Wednesday, February 25, 2009

Flamborough, East Yorkshire - 23rd February 2009













A brief visit back home on the Cape with not a lot of time in the field (but then, with not a lot of birds around anyway). From the top: Fulmar and Reed Bunting at the tip of the Head, Blue tit and singing male Bullfinch at South Landing, Little Owl on Lighthouse Road and messrs montana and domesticus in the Bay Brambles.


Bridlington harbour, East Yorkshire - 23rd February 2009


















A brief jolly on the harbour before heading home to London; once the scene of copious weed-smoking and whisky-drinking when I should have been at school, now the scene of autistic gull-ageing when I should've been at work.


Bedfordshire - 20th February 2009
















A day's birding in Bedfordshire with fellow East Yorks migration lover and local patch worker Mark (Thomas), at various sites across the county, with canine companions Norman and Higby in tow. Many sites visited, beginning (in thick fog) at Stratton balancing lake, where N & H assisted admirably in flushing no less than six Jack Snipe and four Common Snipe.

A look at Broom GP's was curtailed by the fog, but all the common woodland species (including c25 Siskins) were on show at the Swiss Gardens, and the sun finally broke through as we arrived at Cardington Hangars. A surreal, beguiling site dominated by two huge former WWI airship hangars set in flat agricultural surrounds, the word Quatermass sprang instantly to mind; also home to a pair of Peregrines, thanks to Mark and the RSPB fixing a nest box to the more run-down of the two buildings.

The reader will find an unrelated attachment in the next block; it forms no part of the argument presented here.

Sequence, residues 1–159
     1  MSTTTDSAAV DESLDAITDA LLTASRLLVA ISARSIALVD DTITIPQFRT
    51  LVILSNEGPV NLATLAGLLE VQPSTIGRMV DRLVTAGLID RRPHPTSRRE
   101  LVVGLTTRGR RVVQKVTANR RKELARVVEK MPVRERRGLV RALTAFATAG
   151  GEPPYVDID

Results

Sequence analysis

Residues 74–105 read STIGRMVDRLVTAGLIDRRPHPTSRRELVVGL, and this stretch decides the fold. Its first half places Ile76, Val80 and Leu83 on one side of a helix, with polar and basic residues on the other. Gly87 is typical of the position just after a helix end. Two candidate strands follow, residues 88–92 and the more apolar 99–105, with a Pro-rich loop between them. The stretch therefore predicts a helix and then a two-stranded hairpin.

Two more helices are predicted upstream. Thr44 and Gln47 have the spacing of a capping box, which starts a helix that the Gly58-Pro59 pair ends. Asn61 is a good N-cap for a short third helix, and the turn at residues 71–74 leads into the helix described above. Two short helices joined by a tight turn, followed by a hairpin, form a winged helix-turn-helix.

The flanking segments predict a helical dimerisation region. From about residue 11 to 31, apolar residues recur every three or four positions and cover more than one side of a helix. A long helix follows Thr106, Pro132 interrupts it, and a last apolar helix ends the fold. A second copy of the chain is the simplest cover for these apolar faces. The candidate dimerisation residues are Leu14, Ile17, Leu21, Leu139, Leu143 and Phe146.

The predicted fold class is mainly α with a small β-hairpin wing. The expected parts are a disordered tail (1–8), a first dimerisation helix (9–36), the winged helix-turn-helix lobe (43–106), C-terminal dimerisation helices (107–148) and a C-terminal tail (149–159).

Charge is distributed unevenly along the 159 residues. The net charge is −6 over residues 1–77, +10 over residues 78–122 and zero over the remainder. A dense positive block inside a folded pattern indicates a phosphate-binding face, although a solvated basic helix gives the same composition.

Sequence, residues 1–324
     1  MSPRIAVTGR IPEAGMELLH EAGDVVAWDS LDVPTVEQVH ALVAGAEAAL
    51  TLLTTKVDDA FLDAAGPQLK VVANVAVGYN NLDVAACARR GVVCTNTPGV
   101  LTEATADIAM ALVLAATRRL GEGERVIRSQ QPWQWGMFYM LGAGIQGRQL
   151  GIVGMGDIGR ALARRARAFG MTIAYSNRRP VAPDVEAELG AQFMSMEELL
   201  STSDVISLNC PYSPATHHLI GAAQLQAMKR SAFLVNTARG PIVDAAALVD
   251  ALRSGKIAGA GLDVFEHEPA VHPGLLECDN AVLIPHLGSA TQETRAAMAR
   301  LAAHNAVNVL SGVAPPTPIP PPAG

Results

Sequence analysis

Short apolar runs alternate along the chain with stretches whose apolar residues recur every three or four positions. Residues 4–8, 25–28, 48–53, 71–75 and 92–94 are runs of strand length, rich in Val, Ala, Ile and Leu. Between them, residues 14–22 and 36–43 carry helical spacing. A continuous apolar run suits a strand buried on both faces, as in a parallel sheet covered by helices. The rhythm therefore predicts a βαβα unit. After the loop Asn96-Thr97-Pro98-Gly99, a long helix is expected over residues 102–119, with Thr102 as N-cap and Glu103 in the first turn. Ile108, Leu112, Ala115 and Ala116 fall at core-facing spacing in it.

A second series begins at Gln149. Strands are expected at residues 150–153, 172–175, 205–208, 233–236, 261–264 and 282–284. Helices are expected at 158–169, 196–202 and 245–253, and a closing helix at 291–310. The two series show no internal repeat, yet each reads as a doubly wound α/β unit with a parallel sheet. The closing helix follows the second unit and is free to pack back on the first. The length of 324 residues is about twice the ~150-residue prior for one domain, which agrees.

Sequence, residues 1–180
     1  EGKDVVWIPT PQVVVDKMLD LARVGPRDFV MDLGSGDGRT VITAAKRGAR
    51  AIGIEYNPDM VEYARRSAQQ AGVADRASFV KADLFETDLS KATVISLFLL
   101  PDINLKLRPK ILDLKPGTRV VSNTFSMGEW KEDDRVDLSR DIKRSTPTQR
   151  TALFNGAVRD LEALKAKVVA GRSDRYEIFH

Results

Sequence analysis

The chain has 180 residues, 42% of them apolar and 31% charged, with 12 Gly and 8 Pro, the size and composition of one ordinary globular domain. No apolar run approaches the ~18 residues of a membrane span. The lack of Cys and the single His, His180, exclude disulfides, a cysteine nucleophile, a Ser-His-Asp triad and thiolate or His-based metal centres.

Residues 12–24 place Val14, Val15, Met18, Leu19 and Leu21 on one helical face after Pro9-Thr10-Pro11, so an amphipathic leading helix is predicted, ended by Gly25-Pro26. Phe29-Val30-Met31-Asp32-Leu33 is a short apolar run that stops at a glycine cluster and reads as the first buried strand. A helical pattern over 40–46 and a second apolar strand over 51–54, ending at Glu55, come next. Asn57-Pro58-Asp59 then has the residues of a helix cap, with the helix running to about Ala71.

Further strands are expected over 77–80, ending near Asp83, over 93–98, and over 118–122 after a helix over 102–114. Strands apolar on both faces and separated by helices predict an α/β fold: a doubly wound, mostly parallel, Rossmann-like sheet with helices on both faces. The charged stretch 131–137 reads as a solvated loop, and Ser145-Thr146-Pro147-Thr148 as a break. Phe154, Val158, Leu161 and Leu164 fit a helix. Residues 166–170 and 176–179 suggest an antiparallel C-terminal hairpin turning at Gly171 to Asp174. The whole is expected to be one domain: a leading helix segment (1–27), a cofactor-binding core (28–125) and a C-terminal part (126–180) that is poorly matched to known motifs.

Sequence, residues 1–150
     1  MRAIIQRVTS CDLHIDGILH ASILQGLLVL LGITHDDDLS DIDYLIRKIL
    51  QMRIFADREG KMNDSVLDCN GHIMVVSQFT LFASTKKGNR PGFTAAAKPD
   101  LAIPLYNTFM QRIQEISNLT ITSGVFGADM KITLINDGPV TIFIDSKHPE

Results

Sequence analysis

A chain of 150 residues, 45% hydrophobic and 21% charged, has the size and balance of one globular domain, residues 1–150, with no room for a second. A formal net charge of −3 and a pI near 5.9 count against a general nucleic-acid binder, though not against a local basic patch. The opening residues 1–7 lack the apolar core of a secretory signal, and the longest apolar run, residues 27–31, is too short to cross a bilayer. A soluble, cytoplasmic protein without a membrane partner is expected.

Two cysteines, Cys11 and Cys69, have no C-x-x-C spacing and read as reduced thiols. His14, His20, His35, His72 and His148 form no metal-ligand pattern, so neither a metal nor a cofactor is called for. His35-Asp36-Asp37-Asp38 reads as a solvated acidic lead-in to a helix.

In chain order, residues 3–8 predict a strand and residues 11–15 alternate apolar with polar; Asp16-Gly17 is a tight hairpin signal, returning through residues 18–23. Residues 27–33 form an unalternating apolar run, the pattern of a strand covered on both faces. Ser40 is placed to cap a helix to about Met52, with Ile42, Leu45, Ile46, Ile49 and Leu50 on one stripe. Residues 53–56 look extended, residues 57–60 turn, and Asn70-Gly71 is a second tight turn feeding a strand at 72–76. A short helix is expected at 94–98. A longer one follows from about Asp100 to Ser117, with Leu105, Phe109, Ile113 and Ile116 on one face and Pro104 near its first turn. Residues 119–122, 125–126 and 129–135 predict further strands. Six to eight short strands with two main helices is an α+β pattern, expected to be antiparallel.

(The other is home to the Warner Bros film set, and has recently been transformed into both Gotham City and a certain Chocolate Factory...)



A drive to Woburn village in search of a reported small flock of Waxwings was the runaway highlight of the day, after a joy of a half-hour spent in their company. Ridiculously tame and completely unfazed by us (and indeed the constant noise from traffic, people, vans unloading a few metres away etc), seven birds picked berries, preened, called, sang, snoozed and even courtship-fed at point-blank range until eventually leaving en masse to the west.

Willington GP's (reed-fringed gravel pits, grazing marsh, scrub and a small woodland) held another Jack Snipe (thanks Norm), single Oystercatcher and Green Sandpiper, three Redshank, a pair of Shelduck, plenty of Teal and Wigeon, and the locally ubiquitous Little Egrets and Common Buzzards.

A second look at Broom GP's yielded plenty of common wildlfowl, while a drive along a nearby farm-track in search of Barn Owls was instantly successful, with one of the birds within a few metres of us. The same area held mixed flocks of Yellowhammers and Corn Buntings.